eBay has morphed into its present state via a heavy investment in understanding how the online marketplace would change over time as the benefit of shopping, whether for an item that has been considered and price is the only driver, or just browsing generally would become more popular. This is clearly to the detriment of the “high street” where traditional retailers are suffering. Almost daily the larger chain stores are announcing closures, cutbacks and methods of competing by entering the online marketplace themselves.
eBay is still a market for selling used goods and that is signified by the fact that the first twenty items listed for sale are free. eBay has, in that regard, become a service provider, while for “commercial enterprises”, the fees begin early. After twenty items it costs £0.35 per listing which is entirely reasonable but soon extra costs start to kick in. Sales, as opposed to listings are where the costs really start to mount.
eBay charges for selling are a significant cost to retailers who choose this method of selling and eBay itself fully appreciates that it “got in first” but must always protect its position as the market matures but remains far from saturated as specialist platforms start to grow. These are where a consumer who knows the product he desires, whether that is a kettle or a garden hose looks first at sites where several sellers congregate to sell particular ranges of goods.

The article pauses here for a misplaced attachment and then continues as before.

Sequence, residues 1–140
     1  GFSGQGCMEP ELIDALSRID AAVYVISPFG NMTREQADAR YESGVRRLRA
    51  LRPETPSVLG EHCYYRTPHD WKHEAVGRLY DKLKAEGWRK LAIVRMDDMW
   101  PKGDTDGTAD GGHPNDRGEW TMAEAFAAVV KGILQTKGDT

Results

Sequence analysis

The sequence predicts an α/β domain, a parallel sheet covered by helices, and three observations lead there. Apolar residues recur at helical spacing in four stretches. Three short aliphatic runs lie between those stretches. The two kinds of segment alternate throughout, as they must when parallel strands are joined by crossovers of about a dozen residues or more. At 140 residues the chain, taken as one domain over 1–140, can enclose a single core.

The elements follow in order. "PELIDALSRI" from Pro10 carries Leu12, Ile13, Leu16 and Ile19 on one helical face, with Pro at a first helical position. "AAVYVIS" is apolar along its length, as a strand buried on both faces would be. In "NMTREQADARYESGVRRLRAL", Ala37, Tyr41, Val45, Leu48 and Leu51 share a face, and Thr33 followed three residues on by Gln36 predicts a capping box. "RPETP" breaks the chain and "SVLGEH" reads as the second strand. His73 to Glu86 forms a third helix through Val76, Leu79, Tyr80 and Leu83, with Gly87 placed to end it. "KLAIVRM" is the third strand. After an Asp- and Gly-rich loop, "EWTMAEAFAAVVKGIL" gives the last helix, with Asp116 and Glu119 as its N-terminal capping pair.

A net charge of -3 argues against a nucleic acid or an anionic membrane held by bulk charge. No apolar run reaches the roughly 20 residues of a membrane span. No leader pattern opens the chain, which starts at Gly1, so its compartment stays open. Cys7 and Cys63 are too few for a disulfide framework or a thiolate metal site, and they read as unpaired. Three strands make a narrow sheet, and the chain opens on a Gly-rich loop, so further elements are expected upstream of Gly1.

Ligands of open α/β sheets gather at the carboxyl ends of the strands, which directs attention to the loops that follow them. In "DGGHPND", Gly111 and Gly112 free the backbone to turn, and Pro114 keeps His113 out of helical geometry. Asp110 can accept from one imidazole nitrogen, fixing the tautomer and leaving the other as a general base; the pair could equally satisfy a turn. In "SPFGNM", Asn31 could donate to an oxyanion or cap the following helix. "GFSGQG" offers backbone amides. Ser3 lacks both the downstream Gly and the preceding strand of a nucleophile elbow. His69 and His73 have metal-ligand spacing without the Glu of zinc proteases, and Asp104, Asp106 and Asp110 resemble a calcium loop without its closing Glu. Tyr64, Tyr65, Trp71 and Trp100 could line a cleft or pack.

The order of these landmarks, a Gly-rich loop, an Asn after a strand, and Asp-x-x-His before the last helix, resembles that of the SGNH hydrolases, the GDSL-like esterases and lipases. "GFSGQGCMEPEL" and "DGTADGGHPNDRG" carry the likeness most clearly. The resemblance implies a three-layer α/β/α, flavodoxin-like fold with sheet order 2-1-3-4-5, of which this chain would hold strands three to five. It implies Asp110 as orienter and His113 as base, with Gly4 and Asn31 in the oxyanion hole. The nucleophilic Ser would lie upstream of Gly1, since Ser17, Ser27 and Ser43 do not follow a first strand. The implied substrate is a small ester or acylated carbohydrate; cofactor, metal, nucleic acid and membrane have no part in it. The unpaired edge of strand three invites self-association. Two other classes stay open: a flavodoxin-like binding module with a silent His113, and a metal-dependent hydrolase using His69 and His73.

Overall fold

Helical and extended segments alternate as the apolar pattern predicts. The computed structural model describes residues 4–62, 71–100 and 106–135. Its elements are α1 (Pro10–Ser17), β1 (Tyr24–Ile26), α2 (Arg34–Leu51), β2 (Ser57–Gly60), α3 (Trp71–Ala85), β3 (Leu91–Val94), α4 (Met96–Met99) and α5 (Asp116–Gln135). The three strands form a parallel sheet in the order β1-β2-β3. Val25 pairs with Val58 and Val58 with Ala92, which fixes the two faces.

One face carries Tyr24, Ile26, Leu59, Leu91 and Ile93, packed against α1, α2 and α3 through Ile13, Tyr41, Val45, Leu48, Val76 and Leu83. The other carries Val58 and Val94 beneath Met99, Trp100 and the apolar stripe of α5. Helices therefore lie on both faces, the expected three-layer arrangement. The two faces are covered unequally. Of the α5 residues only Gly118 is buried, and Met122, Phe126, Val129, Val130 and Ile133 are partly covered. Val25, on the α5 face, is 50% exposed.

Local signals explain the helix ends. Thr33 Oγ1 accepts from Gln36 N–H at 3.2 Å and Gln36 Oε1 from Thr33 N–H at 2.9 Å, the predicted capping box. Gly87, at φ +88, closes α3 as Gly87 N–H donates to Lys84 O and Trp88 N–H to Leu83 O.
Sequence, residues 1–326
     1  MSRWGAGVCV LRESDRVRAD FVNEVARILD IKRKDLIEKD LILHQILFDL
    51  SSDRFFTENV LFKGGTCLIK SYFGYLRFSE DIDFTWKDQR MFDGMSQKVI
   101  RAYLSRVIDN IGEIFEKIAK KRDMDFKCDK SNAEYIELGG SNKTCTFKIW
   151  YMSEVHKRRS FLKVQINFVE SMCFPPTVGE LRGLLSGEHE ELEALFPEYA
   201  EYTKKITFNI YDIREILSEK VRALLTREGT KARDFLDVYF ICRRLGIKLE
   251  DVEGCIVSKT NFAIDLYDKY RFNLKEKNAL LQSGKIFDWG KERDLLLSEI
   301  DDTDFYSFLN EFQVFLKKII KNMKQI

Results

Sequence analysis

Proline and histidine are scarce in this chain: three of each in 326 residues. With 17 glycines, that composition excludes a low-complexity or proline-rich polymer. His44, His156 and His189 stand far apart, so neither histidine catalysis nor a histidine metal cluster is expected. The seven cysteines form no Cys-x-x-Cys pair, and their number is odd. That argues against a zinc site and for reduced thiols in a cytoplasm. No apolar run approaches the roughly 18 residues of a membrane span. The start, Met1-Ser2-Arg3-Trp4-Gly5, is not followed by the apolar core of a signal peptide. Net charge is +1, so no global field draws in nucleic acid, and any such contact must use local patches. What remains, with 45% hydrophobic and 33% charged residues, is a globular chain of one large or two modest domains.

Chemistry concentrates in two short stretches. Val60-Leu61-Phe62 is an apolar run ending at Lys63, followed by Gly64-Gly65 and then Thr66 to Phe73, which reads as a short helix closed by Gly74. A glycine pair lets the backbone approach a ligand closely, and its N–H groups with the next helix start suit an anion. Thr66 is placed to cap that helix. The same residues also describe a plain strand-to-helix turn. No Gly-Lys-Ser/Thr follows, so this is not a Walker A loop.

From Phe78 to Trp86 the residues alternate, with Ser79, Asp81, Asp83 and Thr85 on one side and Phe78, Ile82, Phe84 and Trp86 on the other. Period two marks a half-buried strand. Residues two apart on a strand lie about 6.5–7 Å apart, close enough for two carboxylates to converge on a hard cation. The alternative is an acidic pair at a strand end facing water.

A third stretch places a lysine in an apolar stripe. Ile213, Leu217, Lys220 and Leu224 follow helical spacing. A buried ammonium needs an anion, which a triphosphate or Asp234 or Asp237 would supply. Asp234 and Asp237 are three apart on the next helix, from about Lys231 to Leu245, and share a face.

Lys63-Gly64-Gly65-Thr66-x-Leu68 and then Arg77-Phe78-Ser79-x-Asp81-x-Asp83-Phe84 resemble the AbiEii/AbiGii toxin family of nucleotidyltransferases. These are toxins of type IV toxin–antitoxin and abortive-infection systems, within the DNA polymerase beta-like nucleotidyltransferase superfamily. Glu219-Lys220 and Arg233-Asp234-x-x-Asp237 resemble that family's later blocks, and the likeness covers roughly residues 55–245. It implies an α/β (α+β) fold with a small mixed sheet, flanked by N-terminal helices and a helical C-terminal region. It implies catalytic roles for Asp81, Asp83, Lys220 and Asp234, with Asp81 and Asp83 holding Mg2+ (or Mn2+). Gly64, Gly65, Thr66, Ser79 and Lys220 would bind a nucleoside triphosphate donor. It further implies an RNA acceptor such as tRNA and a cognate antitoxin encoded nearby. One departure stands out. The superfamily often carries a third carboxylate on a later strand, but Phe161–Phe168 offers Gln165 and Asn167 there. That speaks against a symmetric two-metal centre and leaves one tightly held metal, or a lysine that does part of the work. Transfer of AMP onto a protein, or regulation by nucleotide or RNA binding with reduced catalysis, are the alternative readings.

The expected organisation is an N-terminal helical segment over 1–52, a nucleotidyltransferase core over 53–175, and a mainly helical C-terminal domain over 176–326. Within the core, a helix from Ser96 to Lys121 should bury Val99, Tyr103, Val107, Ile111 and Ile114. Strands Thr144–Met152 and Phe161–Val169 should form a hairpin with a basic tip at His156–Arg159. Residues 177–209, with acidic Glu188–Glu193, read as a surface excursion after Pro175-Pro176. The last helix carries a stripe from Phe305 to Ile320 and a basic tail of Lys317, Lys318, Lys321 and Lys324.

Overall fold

Amazon seller fees on a per item basis are comparable to eBay, despite being clouded in a slightly complicated calculator.
The Amazon seller fees calculator allots different prices to different sectors but the “referral fee” is what varies most. For example, a sale in the DIY sector of an item valued by the seller at $35 will be offered to the customer at $39. Once sold the retailer will receive $34.32. Amazon takes a referral fee of $ 4.68. If that $39 item is in the kitchen section, the referral fee is $5.85
Again, a comparison with eBay needs to take place given the variable scale of Amazon’s fees which appear to be more based within a retailer environment while eBay still clings to its roots in the “second-hand goods” market making its structure easier to follow.
About Alan Hill
Alan has been involved in the FX market for more than 25 years and brings a wealth of experience to his content. His knowledge has been gained while trading through some of the most volatile periods of recent history. His commentary relies on an understanding of past events and how they will affect future market performance.”